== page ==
If one food is ubiquitous to the local food movement, it is the tomato. As we are in the harvest season, many of you are probably canning some this weekend! We’ve all come to realize that the fruit is incredibly delicious when picked ripe off the vine, but we’ve also learned that it doesn’t travel well. We know that most supermarket tomatoes won’t be any good and that purchasing them outside of the summer months is a joke (hydroponics being a possible exception).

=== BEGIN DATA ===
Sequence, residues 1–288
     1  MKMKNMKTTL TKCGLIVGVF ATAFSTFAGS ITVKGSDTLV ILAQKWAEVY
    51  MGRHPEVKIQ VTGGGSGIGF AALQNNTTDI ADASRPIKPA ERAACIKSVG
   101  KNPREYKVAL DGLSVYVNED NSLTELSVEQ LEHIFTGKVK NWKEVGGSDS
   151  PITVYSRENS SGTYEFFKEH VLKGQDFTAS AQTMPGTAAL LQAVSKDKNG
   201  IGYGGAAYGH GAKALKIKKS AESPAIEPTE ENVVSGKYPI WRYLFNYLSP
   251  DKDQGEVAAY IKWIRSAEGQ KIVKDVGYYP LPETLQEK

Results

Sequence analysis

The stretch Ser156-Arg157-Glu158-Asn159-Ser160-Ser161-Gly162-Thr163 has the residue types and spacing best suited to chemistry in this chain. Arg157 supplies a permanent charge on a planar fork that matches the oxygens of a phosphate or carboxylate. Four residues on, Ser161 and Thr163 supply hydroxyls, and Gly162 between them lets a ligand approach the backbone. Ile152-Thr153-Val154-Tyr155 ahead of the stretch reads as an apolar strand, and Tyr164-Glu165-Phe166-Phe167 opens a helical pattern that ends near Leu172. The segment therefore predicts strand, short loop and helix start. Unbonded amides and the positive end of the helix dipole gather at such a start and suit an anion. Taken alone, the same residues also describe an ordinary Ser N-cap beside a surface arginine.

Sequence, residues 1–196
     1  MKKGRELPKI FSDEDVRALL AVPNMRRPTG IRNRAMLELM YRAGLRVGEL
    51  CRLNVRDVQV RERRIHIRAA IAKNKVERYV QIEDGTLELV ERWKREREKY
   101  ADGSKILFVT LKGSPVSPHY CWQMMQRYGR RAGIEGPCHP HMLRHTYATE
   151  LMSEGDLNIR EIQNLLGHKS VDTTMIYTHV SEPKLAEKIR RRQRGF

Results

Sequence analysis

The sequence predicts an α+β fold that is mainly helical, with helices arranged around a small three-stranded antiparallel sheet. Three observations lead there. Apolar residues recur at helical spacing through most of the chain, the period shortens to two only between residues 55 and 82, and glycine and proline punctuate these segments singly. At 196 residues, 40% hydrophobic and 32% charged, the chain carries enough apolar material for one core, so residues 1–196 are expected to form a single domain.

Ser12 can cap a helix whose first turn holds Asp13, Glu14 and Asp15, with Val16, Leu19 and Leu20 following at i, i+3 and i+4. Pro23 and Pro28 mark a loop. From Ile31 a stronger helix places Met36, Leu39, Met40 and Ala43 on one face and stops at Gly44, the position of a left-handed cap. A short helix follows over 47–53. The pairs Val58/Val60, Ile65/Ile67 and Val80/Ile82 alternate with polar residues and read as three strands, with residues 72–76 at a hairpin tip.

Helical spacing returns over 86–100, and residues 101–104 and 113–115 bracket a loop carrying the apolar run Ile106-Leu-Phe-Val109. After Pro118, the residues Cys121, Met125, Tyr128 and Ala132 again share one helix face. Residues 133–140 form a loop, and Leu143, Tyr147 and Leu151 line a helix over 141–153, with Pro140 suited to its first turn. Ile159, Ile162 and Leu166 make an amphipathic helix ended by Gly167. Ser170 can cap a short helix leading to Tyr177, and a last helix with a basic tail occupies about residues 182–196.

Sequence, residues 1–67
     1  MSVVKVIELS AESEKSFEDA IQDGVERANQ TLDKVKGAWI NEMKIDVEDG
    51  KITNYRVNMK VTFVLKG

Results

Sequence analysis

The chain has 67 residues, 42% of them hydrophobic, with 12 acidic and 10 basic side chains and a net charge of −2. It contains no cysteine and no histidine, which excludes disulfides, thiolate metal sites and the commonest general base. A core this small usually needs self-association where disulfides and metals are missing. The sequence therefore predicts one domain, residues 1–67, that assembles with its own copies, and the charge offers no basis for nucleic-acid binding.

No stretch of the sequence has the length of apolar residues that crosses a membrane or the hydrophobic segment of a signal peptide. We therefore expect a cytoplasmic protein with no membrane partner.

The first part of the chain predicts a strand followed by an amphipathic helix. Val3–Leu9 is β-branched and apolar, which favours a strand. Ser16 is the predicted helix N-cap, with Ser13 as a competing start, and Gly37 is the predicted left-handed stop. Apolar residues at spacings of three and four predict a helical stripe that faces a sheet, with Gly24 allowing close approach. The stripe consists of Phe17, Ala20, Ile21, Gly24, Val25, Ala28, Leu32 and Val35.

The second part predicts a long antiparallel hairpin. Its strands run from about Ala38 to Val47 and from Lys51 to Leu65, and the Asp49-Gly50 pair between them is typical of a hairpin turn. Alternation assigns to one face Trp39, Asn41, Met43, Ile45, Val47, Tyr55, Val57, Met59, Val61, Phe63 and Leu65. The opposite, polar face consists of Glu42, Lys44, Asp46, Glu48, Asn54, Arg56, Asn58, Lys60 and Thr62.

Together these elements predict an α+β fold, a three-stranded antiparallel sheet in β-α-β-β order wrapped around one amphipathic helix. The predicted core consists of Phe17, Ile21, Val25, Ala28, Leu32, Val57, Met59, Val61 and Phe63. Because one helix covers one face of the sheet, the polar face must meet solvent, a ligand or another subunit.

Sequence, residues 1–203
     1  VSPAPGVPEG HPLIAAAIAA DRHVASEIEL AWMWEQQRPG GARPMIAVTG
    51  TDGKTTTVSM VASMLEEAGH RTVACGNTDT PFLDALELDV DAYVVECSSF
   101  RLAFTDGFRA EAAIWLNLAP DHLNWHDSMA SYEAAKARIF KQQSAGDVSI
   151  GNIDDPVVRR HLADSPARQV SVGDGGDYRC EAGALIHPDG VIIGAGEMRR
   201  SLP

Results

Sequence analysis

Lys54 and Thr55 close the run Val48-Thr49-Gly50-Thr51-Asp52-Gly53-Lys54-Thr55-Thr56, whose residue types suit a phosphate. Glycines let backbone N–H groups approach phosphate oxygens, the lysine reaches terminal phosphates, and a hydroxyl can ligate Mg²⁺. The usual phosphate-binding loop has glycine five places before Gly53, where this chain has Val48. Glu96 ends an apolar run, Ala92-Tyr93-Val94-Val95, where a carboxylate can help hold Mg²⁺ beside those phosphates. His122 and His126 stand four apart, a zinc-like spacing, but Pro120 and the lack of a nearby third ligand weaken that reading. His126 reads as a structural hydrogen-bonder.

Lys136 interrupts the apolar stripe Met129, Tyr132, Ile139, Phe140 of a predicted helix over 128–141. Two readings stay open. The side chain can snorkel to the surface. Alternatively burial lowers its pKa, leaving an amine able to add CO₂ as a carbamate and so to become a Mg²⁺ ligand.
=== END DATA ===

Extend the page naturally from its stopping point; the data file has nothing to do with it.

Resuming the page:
In Tomatoland, Barry Estabrook shows readers that there is a lot more to discuss when it comes to the tomato. For example, most tomatoes available in America, especially in winter, were grown in Florida using obscene amounts of pesticides and fertilizers and picked by laborers under slave conditions. In fact, lawsuits are currently in play utilizing 150 year old laws banning slavery. Yes, tomato growing corporations in Florida are being sued for slavery right now.
Readers interested in the tomato specifically, or more generally in the industrial food system, how it evolved and how to improve it, will find Tomatoland a good read.